Do you want to start tracking stock performance and analyzing fundamental stock trends but don't know how to get started? Have no fear! In this guide, we will show you how to build powerful stock chart visualizations in Excel. As a result, you'll be able to analyze stock financials, key metrics, track real-time price data, and more in no time!
What are stock charts, and why are they important for investors and traders?
Stock charts are graphical representations of stock metrics such as price or revenue movement over time. They are important for investors and traders because they provide a visual way to track stock performance and identify stock trends.
Stock charts can be used to track stock price movement over time, identify potentially undervalued stocks, and make informed investment decisions.
The different types of stock chart visualizations in Excel
There are many different types of stock charts in Excel, but the most common ones are line charts, bar charts, pie charts, and candlestick charts. Each chart has its advantages and disadvantages, but line charts are the most basic and easiest to understand.
Line charts show stock key metric movement over time by plotting stock that metric, such as price or revenue on a line. They are easy to understand and can be used to identify stock trends.
Bar charts show stock key metric movement over time by plotting a metric like net income over time. They are more complex than line charts but can provide more detailed information.
Candlestick charts show stock key metric movement over time by plotting stock prices as candlesticks. They are more complex than bar charts but can provide more detailed price information.
Examples of effective stock charts in Excel
Now that we've gone over the different stock chart types, let's look at some examples of effective stock charts in Excel.
This bar chart from Google Wisesheets shows Alphabet (GOOG) revenue, gross profit, and operating income over time:
This candlestick chart from Wisesheets shows Apple (AAPL) stock price movement over time:
This line chart from Wisesheets shows Amazon (AMZN) stock revenue growth compared with the operating expense growth over time:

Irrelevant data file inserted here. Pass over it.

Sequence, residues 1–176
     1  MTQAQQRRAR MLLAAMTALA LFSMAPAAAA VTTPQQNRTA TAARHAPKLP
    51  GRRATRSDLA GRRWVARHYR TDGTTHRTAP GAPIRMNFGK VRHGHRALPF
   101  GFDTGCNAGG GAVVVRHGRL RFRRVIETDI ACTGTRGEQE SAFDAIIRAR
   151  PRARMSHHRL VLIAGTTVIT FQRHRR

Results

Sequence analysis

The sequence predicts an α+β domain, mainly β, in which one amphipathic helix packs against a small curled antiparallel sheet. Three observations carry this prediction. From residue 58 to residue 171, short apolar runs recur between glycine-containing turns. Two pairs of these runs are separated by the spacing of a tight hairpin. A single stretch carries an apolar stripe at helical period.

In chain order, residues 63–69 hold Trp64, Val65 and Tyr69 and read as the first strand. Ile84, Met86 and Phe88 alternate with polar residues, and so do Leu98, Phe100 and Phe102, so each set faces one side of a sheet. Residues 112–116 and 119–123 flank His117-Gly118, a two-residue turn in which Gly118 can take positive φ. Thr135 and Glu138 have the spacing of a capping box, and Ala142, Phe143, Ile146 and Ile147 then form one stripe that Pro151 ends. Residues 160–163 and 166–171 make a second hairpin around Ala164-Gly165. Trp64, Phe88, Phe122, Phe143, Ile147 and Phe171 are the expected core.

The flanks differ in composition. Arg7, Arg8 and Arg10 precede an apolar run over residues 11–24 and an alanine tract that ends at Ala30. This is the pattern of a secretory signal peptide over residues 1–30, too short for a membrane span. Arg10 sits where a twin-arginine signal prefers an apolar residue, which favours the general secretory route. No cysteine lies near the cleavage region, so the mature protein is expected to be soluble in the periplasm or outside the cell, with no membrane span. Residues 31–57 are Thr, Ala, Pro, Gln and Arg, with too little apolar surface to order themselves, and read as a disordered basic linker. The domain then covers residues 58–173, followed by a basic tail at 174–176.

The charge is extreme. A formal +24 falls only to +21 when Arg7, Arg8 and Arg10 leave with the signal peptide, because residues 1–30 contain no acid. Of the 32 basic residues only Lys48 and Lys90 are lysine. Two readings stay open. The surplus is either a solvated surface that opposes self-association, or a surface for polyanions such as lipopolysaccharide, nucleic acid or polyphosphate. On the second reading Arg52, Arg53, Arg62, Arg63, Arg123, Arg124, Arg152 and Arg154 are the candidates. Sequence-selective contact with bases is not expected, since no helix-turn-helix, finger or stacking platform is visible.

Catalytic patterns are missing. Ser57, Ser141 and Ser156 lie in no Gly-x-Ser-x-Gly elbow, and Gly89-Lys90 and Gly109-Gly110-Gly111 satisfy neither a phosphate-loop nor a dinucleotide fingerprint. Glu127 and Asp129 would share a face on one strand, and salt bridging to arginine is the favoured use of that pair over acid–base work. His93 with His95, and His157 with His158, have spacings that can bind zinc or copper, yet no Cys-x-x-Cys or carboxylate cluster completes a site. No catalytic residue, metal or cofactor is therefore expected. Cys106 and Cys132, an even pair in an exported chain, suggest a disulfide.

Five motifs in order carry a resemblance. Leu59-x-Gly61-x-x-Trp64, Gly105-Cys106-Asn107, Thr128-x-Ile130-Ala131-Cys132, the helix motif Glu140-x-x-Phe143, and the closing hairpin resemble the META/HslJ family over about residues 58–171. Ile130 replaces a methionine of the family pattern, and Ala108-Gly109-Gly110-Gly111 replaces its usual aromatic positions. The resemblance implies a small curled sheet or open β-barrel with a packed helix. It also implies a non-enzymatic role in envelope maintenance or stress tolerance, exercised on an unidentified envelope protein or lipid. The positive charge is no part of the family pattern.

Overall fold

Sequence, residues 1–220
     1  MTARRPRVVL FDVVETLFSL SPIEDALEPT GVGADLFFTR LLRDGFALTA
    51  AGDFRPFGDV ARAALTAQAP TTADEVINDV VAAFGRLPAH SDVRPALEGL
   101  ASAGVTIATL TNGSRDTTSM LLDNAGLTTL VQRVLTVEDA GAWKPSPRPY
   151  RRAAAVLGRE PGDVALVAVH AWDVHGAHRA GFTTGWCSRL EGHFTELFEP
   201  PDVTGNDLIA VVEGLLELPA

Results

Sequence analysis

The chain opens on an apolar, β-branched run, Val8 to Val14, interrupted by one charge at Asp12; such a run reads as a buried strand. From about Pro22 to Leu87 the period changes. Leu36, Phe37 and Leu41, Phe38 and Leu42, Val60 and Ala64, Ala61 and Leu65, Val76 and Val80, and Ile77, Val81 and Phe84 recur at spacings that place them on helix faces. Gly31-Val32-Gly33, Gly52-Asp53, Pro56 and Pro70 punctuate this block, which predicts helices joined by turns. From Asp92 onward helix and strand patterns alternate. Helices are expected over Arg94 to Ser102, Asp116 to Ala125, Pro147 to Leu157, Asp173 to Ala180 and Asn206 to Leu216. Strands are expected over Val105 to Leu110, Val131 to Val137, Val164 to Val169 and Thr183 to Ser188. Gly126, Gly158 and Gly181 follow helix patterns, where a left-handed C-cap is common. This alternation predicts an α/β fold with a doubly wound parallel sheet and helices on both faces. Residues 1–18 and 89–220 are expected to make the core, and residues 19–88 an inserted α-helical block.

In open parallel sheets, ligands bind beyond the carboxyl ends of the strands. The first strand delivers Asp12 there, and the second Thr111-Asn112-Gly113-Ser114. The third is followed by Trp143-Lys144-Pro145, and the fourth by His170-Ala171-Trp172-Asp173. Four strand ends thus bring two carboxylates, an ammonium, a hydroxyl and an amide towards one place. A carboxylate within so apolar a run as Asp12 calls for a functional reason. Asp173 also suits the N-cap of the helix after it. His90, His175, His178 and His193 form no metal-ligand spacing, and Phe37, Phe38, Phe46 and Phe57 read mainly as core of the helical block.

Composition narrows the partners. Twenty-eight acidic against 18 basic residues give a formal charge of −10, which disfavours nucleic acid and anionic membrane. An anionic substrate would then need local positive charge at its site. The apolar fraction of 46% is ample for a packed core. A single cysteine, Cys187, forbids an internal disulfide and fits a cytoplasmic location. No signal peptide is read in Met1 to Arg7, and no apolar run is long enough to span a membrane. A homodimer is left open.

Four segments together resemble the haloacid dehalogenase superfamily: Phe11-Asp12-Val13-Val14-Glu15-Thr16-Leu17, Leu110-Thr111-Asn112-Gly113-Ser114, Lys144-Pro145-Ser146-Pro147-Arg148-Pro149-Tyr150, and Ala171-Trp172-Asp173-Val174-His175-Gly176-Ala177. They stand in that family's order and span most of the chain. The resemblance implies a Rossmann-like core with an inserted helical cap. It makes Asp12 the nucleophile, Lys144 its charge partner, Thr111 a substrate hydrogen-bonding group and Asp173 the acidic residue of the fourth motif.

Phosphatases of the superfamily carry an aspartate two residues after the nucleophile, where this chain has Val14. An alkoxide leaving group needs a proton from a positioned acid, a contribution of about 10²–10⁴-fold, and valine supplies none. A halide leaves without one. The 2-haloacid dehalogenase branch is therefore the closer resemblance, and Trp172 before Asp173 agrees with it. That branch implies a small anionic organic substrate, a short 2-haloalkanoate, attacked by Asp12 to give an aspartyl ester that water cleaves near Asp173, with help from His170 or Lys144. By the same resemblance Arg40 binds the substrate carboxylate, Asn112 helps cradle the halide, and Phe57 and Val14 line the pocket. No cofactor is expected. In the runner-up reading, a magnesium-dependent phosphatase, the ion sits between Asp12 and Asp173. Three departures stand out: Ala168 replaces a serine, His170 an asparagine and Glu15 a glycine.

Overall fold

You can get all these visualizations for over 50 thousand companies worldwide in your Excel or Google Sheet spreadsheet by creating a free Wisesheet account and downloading the "hypercharts" template available on the Wisesheets add-in. Simply change the ticker and watch all the charts update.
How to read stock charts
Now that we've gone over the different types of stock charts and seen some examples let's take a look at how to read them.
Stock charts can be read in two ways: absolute and relative. Absolute stock charts show stock metrics like price or revenue on an absolute scale, while relative stock charts show metric movement relative to another stock metric like the S&P 500 index.
To read a stock chart, start by looking at the x-axis to identify the time period that is being shown. Then, look at the y-axis to identify the stock metric that is being plotted. Finally, look at the stock price or other metric plot to identify stock trends.
For example, this line chart shows Alphabet (GOOG) stock price movement over time:
The x-axis shows that the stock prices are plotted from August 4th, 2022, to September 2nd, 2022. The y-axis shows that the stock prices are plotted on a scale of $100 to $125. And finally, we can see that the stock price increased from $111 to $118 in this period.
In this example, the chart shows positive stock price growth over this time frame.
Tips for creating powerful and informative stock chart visualizations
Now that you know the basics of stock charts and the different types of stock chart visualizations, it's time to learn how to create powerful and informative stock chart visualizations. Here are some tips:
- Identify the type of analysis: depending on your investment style, you can choose the type of stock chart that best helps you with your analysis.
- Use multiple metrics: don't just track stock price movement, also track other stock metrics such as volume or revenue. This will give you a more comprehensive view of stock performance.
- Use different time frames: don't just track stock performance over the past year, also track it over the past month or week. This will help you identify short-term and long-term stock trends.
- Add annotations: add notes to your stock charts to explain what's happening or why you're making a particular investment decision. This will help you remember your thoughts and make better investment decisions in the future.
- Don't just use stock charts: Use stock charts in conjunction with other research on the stock for better results such as financials, market research, management team, etc. (Learn more here).
Following these tips, you'll be well on your way to creating powerful stock chart visualizations that will help you track stock performance and make informed investment decisions. So what are you waiting for? Get started today!
Stock charts are a powerful tool that can help you visualize stock data and identify stock trends. However, there are many different types of stock charts, each with its own advantages and disadvantages.
To create powerful stock chart visualizations, you need to understand the different types of stock charts and how to read them. You also need to know how to use multiple metrics, different time frames, and annotations.
Following these tips, you'll be well on your way to creating powerful stock chart visualizations that will help you track stock performance and make informed investment decisions.
What type of stock chart do you find most useful for your analysis? Let us know in the comments below!